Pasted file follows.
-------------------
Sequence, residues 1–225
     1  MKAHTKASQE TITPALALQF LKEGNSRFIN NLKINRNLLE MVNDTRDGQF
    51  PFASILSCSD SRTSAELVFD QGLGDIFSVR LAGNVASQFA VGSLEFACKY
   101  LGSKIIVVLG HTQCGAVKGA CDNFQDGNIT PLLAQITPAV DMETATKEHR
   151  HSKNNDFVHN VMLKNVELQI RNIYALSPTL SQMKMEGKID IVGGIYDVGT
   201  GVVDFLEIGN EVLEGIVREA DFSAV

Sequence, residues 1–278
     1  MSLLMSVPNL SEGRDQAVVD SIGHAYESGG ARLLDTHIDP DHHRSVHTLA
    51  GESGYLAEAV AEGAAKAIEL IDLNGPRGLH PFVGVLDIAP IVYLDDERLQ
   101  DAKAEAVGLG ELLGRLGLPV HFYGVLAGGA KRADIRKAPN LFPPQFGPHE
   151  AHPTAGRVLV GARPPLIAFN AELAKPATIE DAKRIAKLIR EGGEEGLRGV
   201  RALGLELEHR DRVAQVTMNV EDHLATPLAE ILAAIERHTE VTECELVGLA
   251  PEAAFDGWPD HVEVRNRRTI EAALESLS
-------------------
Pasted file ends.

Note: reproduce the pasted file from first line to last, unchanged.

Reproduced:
Sequence, residues 1–225
     1  MKAHTKASQE TITPALALQF LKEGNSRFIN NLKINRNLLE MVNDTRDGQF
    51  PFASILSCSD SRTSAELVFD QGLGDIFSVR LAGNVASQFA VGSLEFACKY
   101  LGSKIIVVLG HTQCGAVKGA CDNFQDGNIT PLLAQITPAV DMETATKEHR
   151  HSKNNDFVHN VMLKNVELQI RNIYALSPTL SQMKMEGKID IVGGIYDVGT
   201  GVVDFLEIGN EVLEGIVREA DFSAV

Sequence, residues 1–278
     1  MSLLMSVPNL SEGRDQAVVD SIGHAYESGG ARLLDTHIDP DHHRSVHTLA
    51  GESGYLAEAV AEGAAKAIEL IDLNGPRGLH PFVGVLDIAP IVYLDDERLQ
   101  DAKAEAVGLG ELLGRLGLPV HFYGVLAGGA KRADIRKAPN LFPPQFGPHE
   151  AHPTAGRVLV GARPPLIAFN AELAKPATIE DAKRIAKLIR EGGEEGLRGV
   201  RALGLELEHR DRVAQVTMNV EDHLATPLAE ILAAIERHTE VTECELVGLA
   251  PEAAFDGWPD HVEVRNRRTI EAALESLS